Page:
silver_sun: (silver sun)
silver_sun ([personal profile] silver_sun) wrote on April 14th, 2013 at 11:15 pm
Fic: A Different Path (3/3) Complete.
Title: A Different Path. (Part 3 of 3)
Characters/Pairings: Ianto/Lisa, 9th Doctor. (Past Doctor/Rose and
past Doctor/Jack/Rose implied. Brief mention of 8th Doctor and Fitz (from the books) that can be read as Doctor/Fitz if wanted.)
Fandom: Doctor Who/Torchwood. (AU from Parting of the Ways for Doctor Who)
Rating: R (see warning)
Word count: 2750 (this part of about 7k total)
Warning: Assisted suicide of minor canon character.
Summary: The Doctor had meant it to be a quick stop in Cardiff to refuel the TARDIS, then back out into time and space, alone once more after losing Rose to a parallel world. What he hadn't expected was to pick up the energy signature of an operational cyberconversion unit.  
A/N: Sorry for how late this is (and it is really, really late, I posted the other two parts in February last year) There might end up being more in this 'verse, but there aren't any definite plans at the moment.

Part one is here: http://the-silver-sun.livejournal.com/169749.html#cutid1
Part two is here: http://the-silver-sun.livejournal.com/172841.html#cutid1


The Doctor can see a thin sheen of sweat forming on Ianto's face as they walk through the TARDIS's winding corridors. Despite their almost painfully slow pace, Ianto is starting to wheeze with the effort of moving by the time they reach the room where Lisa is.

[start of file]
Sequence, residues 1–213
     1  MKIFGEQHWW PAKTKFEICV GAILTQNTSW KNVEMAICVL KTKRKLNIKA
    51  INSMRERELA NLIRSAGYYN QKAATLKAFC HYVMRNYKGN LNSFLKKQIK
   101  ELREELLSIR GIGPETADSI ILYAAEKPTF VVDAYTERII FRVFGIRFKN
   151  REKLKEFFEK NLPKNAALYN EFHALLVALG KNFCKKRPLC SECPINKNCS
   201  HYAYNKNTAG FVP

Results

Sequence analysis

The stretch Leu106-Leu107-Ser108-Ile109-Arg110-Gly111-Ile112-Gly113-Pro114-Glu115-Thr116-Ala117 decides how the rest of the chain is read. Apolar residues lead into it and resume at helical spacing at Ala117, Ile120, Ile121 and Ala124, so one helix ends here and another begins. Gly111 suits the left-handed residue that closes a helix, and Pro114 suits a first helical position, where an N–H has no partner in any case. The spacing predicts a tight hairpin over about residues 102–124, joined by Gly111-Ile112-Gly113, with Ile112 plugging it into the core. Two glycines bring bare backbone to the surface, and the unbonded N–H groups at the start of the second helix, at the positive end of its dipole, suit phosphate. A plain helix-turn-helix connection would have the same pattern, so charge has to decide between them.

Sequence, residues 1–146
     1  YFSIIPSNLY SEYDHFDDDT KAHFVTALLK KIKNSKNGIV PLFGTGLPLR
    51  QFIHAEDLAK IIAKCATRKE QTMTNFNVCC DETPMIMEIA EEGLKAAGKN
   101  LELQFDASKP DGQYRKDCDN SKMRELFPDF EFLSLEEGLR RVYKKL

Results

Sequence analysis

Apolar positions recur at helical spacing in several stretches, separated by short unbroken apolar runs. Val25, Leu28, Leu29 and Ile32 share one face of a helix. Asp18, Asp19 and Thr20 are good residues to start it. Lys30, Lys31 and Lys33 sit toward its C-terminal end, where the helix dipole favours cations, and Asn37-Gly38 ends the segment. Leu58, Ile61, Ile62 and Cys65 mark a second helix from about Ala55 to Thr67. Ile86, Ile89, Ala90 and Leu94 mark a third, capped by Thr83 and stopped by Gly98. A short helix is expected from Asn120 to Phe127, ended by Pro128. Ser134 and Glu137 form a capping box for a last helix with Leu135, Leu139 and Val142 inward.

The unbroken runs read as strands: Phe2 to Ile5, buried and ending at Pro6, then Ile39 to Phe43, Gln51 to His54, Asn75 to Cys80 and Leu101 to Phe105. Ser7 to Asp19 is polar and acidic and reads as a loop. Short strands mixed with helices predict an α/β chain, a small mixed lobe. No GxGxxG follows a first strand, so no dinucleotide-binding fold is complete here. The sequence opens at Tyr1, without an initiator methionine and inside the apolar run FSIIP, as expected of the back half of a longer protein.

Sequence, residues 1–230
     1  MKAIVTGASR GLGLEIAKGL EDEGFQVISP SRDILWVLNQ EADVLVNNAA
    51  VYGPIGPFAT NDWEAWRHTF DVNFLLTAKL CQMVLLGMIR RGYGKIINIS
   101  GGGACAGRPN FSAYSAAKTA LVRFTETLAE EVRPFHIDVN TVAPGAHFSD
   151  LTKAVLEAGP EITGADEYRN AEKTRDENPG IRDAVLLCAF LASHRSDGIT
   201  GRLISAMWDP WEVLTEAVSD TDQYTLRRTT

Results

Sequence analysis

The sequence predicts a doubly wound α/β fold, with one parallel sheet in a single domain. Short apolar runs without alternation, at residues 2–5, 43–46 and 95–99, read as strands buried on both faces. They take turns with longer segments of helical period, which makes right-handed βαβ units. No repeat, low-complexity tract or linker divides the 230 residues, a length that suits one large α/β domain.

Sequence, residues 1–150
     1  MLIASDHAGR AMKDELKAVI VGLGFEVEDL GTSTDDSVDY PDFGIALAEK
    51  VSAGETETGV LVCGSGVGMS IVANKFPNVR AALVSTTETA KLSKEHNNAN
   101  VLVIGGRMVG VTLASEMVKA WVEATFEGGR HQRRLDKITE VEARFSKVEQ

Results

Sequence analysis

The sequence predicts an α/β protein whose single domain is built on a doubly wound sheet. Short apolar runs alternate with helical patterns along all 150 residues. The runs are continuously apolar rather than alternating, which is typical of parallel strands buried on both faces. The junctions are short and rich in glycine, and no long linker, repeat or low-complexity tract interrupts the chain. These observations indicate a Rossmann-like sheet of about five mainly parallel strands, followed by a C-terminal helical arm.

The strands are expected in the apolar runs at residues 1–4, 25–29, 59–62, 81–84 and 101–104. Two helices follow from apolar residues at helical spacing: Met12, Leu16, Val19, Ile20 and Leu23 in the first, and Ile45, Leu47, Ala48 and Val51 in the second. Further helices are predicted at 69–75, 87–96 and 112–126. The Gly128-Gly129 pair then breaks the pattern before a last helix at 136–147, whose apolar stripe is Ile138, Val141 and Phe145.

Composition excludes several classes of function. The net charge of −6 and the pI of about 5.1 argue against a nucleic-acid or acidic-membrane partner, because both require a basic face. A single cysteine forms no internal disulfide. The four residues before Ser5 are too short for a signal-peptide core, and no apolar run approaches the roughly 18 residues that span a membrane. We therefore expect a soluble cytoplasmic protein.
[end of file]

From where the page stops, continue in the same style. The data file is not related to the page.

Ianto leans against the wall by the door, but makes no attempt to open it and go inside.

“You want to be alone?” the Doctor asks, caught between not wanting to let him wander around on his own and not wishing to intrude on his grief. He remembers the state he'd been in with the combined strains of his near regeneration and the loss of Jack. If it hadn't been for Rose he's not sure how long it would have taken him get back on his feet.

“Yes,” Ianto replies quickly, then frowns. “I mean no. I...” He stops and takes a shuddering breath, a look of pain crossing his face. “I don’t know.”

“How about I come in with you, and then I can go, if you want?”  

Ianto nods, then lets the Doctor open the door, before following him into the room.

Inside, Lisa is lying on a table, all the pieces of the cyberconversion stripped from her, a sheet pulled up so that only her face is visibly.

“She looks like she’s asleep”  Ianto's lip trembles as he touches the side of her cheek. “I just want her to wake up. I want her to tell me it's going to be okay. But she's not and it never will be. Her family should…” He chokes back a sob, tears streaming down his face as he turns to the Doctor. “I’m going to have to tell her mam.”

For once the Doctor finds himself lost for words. He knows that if Jackie hadn’t already been in Pete’s world he would have had to tell her that Rose wasn’t coming back. He would’ve had to, the Doctor tells himself, he would have owed it to Rose and he couldn’t have let Jackie go on wondering about her for the rest of her life, that would have been too cruel.

“I can’t do this.” Ianto starts to shake, his breathing getting more and more distressed. “I can’t. I can’t.”

“You don’t have to do anything right now, lad. Time don't mean owt out here.” The Doctor pats his back.

A racking sob shakes Ianto's too thin shoulders and he sways on his feet for a moment. Then his knees buckle and he collapses against the Doctor, clinging to him, burying his face against his leather jacket.

The grief and raw pain radiating off Ianto is all consuming and the Doctor firmly clamps down on his abilities to connect for fear of becoming overwhelmed himself.

“Come on,” the Doctor says as he pulls Ianto's arm about his shoulders. “Time to lie down before you fall down.”

The sobs have subsided to wheezing hiccups interspersed with bouts of coughing and mumbled incoherent apologies by the time they reach his room and Ianto is shaking so badly that he is barely managing to walk even with the Doctor's help.